That New Writer? Don’t Be Afraid to Start Out Small

This post was written by John White on Thu, 11 Nov 2010 11:53:10 +0000
Posted Under: Hiring writers,managing writing project,rapport with writer

Even when your content needs are enormous, you don’t need to start by taking a huge bite out of them. Start out small with a new writer.

What happens when you take over the marketing reins in a mid-sized technology company?

“There were a jillion case studies, blog posts, newsletter articles, white papers and collateral pieces in various stages of completion, from dream state to staging server,” one marketing manager moaned to me. “I needed a marketing communications writer to help me get through everything, but I didn’t want to dive in too deep with an unknown entity and run the risk of having to do most of the work myself.”

She was tempted by the retainer model of, say, $3,000 per month for an all-you-can-eat writer, so that she could simply queue up work and start seeing progress in short order.

Instead of embarking on an ambitious editorial calendar from top to bottom, she found a writer and picked three discrete, small projects for him to work on. She made progress, albeit incremental, on her to-do list and became more comfortable with the writer.

This approach can even work for big-ticket items like white papers. Break these projects into two deliverables: outline and draft. If the outline is a train wreck, you pull the plug and find a different writer. You make progress on the project, without incurring too much of the risk of working with a writer who is an unknown quantity.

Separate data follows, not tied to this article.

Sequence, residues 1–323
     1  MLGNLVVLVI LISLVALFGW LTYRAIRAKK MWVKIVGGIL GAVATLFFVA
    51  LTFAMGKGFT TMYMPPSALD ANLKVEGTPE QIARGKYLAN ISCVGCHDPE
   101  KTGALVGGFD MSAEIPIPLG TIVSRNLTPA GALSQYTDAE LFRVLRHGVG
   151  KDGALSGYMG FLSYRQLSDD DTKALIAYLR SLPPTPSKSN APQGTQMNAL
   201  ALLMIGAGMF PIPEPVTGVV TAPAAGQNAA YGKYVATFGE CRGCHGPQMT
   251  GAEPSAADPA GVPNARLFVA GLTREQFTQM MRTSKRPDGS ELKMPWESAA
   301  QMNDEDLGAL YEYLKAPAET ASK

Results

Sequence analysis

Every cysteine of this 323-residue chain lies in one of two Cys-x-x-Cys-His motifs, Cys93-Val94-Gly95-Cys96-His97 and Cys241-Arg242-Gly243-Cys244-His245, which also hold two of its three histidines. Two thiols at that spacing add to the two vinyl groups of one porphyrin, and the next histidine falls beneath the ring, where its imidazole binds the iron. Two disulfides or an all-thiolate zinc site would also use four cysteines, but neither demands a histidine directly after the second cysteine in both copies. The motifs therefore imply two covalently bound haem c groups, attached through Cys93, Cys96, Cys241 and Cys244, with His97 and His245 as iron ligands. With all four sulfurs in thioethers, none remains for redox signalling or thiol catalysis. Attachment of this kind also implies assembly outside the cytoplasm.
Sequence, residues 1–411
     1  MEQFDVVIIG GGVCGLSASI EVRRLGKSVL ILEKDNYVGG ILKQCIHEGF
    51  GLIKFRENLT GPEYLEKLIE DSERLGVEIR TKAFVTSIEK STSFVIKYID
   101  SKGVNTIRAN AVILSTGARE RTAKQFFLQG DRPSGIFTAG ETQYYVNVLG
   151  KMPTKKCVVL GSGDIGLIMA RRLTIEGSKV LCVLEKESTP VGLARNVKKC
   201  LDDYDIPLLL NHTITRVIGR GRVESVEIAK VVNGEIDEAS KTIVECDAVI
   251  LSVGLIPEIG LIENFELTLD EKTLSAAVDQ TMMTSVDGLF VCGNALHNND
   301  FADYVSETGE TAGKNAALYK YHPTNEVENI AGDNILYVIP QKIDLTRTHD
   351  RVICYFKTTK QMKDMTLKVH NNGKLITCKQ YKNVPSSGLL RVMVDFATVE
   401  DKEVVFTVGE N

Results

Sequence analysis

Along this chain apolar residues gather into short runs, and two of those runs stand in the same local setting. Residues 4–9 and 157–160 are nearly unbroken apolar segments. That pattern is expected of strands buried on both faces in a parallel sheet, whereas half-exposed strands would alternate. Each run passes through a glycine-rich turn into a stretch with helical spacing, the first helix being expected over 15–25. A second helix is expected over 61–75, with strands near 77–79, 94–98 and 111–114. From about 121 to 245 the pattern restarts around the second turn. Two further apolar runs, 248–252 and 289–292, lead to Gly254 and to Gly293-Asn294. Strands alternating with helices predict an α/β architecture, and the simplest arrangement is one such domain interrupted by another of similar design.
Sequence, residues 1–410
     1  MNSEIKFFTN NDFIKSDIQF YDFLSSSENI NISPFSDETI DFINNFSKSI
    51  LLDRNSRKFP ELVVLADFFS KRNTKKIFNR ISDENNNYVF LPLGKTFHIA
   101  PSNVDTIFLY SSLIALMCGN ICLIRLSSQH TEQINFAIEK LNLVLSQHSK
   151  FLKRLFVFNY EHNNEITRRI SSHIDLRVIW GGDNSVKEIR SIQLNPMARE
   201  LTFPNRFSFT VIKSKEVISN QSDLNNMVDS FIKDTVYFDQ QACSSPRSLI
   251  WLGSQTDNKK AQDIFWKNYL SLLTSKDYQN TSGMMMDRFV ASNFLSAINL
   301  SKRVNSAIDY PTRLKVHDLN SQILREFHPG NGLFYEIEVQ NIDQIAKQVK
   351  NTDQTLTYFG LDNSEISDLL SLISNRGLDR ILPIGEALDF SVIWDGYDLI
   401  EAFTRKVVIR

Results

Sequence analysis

I’d recommend that especially for PR and marketing agencies whose clients ask, “Can you write a white paper for us?” and who say, “Of course,” even if they know they’re going to have to outsource it. The clients are the ones with final say on the paper, and if the agency dives in with the wrong writer, it gets stuck in the middle between the two ends. Breaking a project like a white paper into smaller milestones just makes sense for them.

How do you start out with new marketing communications writers?

P.S. I’m also pleased to point to my guest-post this week on new realities for the beginning writer at Make a Living Writing. Drop by and have a look.

John White of venTAJA Marketing is a marketing communications writer for technology companies. He posts about technology writing from the perspective of the marketing manager. It’s dirty work, but somebody has to do it. Download his eBook, “10 Questions to Ask When Hiring Your Marketing Communications Writer.”

photo credit: Radhika Bhagwat

Reader Comments

The retainer model certainly benefits both parties if they can work together well.

However, I’m a wee bit dubious about wearing those pink shoes. Of course, at home in my boxer shorts, no one would ever know. Still… 😉

#1 
Written By Mark McClure on November 13th, 2010 @ 23:00

Needn’t be pink…

#2 
Written By John White on November 14th, 2010 @ 20:38

Hi John,

As a new marketing writer, the prospect of a looming white paper on a completely new subject can knock you from the useful and productive “this is a manageable challenge” to extremely unproductive stress. You have to start small and build up. Outlines are good, or even ready to be published summaries – much more readable, and these can be developed into full white papers when the author is ready.

#3 
Written By Rob on November 14th, 2010 @ 19:25

Outlines are better than good; there’s no getting around them for large pieces. Thanks, Robert.

#4 
Written By John White on November 14th, 2010 @ 20:37